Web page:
الآن خفف الله عنكم وعلم أن فيكم ضعفا

For the present Allah has made light your burden, and He knows that there is weakness in you. (8:66)

By returning to the context of the verse, we find that Allah is decreasing what He expects from the Muslims at war. This is indeed a mercy upon them, for they were expected to stand up to armies that are up to ten times in number, but then the number was decreased to twice in number.

Similarly, the abrogation of those verses is a form of mercy as well, since Allah’s words can never run out, and having the Qur’an in its final state makes it easier to memorize than what it could have been if no abrogation of recitation existed.

Al-Suyuti in Al-Itqan (p.470) quotes Ibn Al-Jawzi for another benefit of the existence of the abrogation of recitation, which is that it personifies the obedience of the Ummah in following the teachings of Allah, even without absolute certainty, and this is similar to how Ibrahim (alaihi alsalam) accepted that he had to kill his son, even though it was just a dream as certain as he would have been if he received such an order through an angel. This type of acceptance of the rulings of Allah (i.e. via abrogation verses, and Ibrahim’s acceptance of his dream) demonstrates a high level of faith and deserves a higher reward. This is why some teachings were revealed as Qur’an while others came in the form of Sunnah, Allah wishes to test this nation through the Sunnah and see how they deal with its texts, how they study it, preserve it and deal with the differences of opinions among themselves in an Islamic manner.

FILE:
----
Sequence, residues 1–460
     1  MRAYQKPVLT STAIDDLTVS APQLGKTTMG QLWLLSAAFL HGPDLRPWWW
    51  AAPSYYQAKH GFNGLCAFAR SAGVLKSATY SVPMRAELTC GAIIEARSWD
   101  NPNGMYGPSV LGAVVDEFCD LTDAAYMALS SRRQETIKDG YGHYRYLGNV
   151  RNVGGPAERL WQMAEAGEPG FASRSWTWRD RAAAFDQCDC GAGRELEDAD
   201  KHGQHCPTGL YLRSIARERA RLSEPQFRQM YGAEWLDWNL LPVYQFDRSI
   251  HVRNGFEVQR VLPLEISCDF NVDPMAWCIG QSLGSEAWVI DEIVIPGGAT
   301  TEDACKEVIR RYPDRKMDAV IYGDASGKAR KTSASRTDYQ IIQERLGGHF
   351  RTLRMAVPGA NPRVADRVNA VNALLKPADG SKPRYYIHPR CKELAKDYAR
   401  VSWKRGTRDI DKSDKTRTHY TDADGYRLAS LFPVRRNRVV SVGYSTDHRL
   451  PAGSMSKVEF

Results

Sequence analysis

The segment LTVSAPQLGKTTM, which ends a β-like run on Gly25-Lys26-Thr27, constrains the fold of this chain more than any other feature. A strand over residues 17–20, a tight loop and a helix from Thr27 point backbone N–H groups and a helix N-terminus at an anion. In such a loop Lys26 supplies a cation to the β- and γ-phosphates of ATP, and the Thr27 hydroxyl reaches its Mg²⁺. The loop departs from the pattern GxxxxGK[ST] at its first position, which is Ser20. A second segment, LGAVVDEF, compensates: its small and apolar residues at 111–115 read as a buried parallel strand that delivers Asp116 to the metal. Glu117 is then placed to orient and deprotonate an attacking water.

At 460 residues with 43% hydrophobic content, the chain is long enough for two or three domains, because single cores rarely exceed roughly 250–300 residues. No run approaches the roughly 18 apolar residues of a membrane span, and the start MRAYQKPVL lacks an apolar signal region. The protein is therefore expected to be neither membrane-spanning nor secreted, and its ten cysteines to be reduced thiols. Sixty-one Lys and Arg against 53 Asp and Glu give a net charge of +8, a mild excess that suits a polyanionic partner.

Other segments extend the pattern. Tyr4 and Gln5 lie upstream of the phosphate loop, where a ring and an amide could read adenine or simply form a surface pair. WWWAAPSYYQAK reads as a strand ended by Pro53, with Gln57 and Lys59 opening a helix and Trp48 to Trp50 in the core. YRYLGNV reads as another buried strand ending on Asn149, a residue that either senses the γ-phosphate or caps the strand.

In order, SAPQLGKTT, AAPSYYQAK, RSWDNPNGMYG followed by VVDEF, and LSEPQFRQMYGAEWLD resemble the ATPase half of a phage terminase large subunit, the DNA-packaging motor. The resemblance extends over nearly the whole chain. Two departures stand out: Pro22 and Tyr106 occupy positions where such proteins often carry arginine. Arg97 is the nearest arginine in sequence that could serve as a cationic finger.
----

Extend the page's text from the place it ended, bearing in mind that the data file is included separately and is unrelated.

Examples of Abrogated Verses

1- Ubai bin Ka’ab suggests that Surat Al-Ahzab was at one time as long as Al-Baqara.

The narration, from Musnad Ahmad #20261, is as follows:

“From Zir, he said: Ubai said to me: How do you read Surat Al-Ahzab or how long is it? I said: Seventy three verses. He said: I saw it when it was as long as Al-Baqara, and we read from it: If the old man and the old woman commit adultery then stone them, a preventative measure from Allah, and Allah is the All-wise and All-knowing.”

We comment: If the narration implies Tahreef, then why didn’t Ubai teach the verses as a part of the Qur’an? He was a famous teacher of the Qur’an, and he even taught it to Ibn Abbas, Abu Huraira, Abu Abdulrahman Al-Sulami, Abdullah bin Sa’ib and Abdullah bin Ayyash, and yet, none of his students have documented this verse as a part of it. The conclusion is simple; it is that he believed that this verse was abrogated.

Note: For more on this topic, refer to our article that exposes the hypocrisy of Al-Khoei, who attributes the view of abrogation to the Imams, while simultaneously accusing Sunnis of holding the view and interpreting it as Tahreef.

2- Another famous example is Al-Bukhari #2286. The narration is a quote by Abu Musa Al-‘Ash’ari in which he said that a verse once existed in the Qur’an that goes as follows: “If there were two valleys full of riches, for the son of Adam, he would long for a third valley, and nothing would fill the stomach of the son of Adam but dust.” The same verse is recited by Ubai bin Ka’ab and Ibn Mas’ud. Yet, even though they all used to recite this verse in the past, each of them has stopped doing so, and they did not teach this verse as a part of the Qur’an. This, once again, is clear evidence that abrogation has occurred to this verse and the Surah that it belonged in.

As we have stated before, Ubai taught Ibn Abbas, Abu Huraira, Abu Abdulrahman Al-Sulami, Abdullah bin Sa’ib and Abdullah bin Ayyash, and yet, he didn’t teach these verses.

Ibn Mas’ud taught Alqama, Al-Aswad, Masrouq, Zir, Zaid bin Wahb, Abu Amr Al-Shaybani, and Abu Abdulrahman Al-Sulami, and didn’t teach these verses.